By Canadian Jesuits International
The Jesuits in Haiti are accompanying vulnerable families affected by the August 2021 earthquake with the construction of housing in the south of Haiti. Below is an interim report on the work accomplished so far. Canadian Jesuits International (CJI) is supporting this work, thanks to the generosity of Canadians.
Despite the sociopolitical unrest and continuing security crisis in Haiti, the reconstruction efforts by the Jesuits and marginalized communities in the south of the country following the August 14, 2021, earthquake are making considerable progress.
Six months after the project was launched in February 2022, 20 of the most vulnerable families were rehoused with dignity in new homes in Sucrerie Henri and Ducis in the Sud department, according to an interim report sent to CJI, which supports the project.
Another 20 homes will be ready for families to move into this fall, which brings the total to 40 of the 60 new houses planned for the area.
In the Grand’Anse department, also in the affected area, 20 houses are under construction, and preparations are underway for 20 more, for a total of 40 of the 60 houses planned for this area. The poor state of the roads, communication challenges, and political unrest have delayed the construction in Grand’Anse.
To ensure the project’s completion in 2023, new strategies have been implemented. The technical coordinator (engineer) will have a greater presence in the field to better animate the teams of forepersons and masons and to respond more easily to their needs.
About 800,000 people were affected by the 7.2 magnitude earthquake, which also left more than 2,200 dead and over 12,000 injured, according to UNICEF.
Shortly after, Tropical Depression Grace unleashed torrential rain on the earthquake-damaged communities, further cutting off access to water, sanitation, and shelter.
“This project is an opportunity to transform a tragedy into an opportunity for human and socio-economic development for the most vulnerable,” said the late Fr. Kawas François, SJ, then director of The Jesuit Commission for Intervention in the Greater South of Haiti.
“This project is an opportunity to transform a tragedy into an opportunity for human and socio-economic development for the most vulnerable.”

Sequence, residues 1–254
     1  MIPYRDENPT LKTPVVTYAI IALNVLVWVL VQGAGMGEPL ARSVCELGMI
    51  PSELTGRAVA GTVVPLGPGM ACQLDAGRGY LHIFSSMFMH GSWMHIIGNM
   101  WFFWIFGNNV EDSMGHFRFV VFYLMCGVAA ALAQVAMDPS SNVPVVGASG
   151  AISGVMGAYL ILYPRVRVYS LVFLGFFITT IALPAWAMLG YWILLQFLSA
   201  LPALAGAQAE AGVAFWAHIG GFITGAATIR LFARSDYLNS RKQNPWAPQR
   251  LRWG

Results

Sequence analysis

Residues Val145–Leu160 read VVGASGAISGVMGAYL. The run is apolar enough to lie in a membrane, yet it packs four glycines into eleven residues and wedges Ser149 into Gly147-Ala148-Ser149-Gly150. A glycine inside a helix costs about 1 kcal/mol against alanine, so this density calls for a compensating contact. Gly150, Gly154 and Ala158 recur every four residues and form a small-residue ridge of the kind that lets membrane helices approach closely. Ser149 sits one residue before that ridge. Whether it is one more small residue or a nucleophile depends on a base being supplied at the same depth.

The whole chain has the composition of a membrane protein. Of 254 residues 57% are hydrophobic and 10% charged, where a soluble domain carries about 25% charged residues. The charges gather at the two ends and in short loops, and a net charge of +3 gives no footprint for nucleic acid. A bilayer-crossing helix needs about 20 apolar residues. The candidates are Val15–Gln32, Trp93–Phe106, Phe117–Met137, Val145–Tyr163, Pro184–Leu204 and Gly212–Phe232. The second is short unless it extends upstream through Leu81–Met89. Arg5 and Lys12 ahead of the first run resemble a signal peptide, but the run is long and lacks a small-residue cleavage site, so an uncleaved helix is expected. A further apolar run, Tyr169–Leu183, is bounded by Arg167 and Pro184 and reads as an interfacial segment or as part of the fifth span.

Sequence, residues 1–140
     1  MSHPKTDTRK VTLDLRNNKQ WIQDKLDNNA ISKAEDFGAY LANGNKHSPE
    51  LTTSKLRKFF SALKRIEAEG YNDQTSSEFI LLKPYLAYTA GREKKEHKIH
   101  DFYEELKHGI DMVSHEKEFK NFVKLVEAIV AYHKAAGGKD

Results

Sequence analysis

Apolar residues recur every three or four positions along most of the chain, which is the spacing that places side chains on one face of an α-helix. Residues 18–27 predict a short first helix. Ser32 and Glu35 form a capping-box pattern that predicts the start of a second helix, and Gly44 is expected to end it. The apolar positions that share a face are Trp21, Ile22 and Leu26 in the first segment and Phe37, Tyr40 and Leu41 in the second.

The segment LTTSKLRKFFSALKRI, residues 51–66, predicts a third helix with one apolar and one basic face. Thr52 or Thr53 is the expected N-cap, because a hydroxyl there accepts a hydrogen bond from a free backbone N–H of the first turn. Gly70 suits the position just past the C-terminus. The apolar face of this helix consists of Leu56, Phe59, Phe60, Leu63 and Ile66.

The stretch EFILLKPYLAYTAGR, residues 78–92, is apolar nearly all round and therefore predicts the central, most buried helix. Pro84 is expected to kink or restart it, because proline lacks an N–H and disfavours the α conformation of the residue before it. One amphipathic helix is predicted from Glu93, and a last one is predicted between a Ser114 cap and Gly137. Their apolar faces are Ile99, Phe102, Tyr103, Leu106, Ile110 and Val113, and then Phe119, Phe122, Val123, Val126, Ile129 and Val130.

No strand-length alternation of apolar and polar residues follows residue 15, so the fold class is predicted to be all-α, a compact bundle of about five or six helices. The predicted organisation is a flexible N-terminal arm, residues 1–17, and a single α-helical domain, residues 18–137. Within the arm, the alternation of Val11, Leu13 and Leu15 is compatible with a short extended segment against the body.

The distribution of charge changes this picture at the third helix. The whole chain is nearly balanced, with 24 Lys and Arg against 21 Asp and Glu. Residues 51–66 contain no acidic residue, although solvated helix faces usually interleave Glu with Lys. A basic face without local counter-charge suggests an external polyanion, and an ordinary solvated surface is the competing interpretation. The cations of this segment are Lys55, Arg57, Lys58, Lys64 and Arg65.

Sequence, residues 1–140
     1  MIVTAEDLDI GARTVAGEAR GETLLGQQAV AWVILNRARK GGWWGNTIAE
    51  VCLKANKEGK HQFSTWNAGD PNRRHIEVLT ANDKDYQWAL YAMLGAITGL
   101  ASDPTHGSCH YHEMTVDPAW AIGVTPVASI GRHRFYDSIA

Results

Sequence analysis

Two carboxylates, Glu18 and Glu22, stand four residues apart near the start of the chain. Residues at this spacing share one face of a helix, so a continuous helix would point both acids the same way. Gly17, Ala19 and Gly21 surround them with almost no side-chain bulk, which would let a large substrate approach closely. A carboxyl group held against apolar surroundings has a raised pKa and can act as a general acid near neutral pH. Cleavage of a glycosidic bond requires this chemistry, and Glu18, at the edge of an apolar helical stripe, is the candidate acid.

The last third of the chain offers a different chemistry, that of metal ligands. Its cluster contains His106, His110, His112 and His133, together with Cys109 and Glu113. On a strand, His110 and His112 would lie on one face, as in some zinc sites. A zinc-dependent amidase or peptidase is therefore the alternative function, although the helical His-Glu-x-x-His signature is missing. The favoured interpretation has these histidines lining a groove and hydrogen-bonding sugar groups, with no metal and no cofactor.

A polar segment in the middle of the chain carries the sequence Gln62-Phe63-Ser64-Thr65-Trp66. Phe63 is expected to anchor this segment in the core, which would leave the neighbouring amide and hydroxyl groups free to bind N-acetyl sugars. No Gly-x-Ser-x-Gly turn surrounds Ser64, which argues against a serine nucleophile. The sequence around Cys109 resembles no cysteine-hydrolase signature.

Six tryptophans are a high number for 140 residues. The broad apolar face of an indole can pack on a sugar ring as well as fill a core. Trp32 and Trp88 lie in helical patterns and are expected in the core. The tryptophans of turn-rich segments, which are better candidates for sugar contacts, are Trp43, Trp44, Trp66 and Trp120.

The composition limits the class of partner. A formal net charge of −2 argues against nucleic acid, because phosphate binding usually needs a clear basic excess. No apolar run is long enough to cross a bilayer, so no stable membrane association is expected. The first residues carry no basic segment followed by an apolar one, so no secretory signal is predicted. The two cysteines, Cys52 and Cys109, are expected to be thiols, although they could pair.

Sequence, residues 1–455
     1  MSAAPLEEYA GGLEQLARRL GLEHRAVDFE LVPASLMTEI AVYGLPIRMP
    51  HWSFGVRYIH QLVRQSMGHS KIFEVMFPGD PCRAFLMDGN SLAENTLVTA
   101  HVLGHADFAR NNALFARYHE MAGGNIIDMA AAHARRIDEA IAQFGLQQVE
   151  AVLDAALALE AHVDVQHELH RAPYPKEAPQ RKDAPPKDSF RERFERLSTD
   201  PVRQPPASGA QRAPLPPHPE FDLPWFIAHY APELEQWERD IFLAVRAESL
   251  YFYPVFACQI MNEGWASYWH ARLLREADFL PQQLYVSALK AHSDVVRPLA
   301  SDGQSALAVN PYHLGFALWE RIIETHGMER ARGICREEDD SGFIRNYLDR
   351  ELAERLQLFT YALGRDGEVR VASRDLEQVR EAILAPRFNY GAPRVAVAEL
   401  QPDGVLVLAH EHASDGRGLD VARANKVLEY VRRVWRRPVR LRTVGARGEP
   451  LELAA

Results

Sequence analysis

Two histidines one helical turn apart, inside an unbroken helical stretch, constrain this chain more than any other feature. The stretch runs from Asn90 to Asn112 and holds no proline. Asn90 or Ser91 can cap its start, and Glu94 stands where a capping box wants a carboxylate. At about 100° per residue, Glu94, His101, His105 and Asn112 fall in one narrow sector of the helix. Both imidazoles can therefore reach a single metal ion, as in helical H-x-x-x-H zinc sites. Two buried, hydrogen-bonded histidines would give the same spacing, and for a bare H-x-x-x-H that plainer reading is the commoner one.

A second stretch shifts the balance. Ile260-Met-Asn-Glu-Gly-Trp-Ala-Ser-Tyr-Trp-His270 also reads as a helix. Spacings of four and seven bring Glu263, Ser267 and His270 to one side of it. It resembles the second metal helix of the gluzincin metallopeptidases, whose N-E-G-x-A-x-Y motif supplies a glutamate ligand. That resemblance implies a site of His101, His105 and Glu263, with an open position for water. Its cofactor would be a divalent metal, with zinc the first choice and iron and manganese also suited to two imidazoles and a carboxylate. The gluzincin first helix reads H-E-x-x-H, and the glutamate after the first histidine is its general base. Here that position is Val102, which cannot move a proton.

Disaster and risk management
The second major component of the project — training and awareness raising — has also been set in motion. A total of 240 men and women from the beneficiary families participated in a two-day training workshop on risk and disaster management.
Families learned how to protect themselves in the event of earthquakes, hurricanes, and other disasters. They learned about water management and other ecology and reforestation practices. They also had access to psychosocial, economic, and spiritual support.
“Unfortunately, the sociopolitical unrest has somewhat disrupted the pace of these workshops. We are making appropriate arrangements so that all the selected families can benefit from this activity,” said Fr. François.
Beneficiary families and their relatives, many of whom have been abandoned by the government, have given the project a warm welcome. They have been enthusiastic in their support for mobilizing communities to address topics that include protection against natural disasters, the urgency of addressing environmental challenges, and dealing with individual and collective psychosocial consequences of disasters.
Beneficiary families and their relatives, many of whom have been abandoned by the government, have given the project a warm welcome.
“These communities publicly express their gratitude to the Jesuits and their international donors for their solidarity and support,” said Fr. François.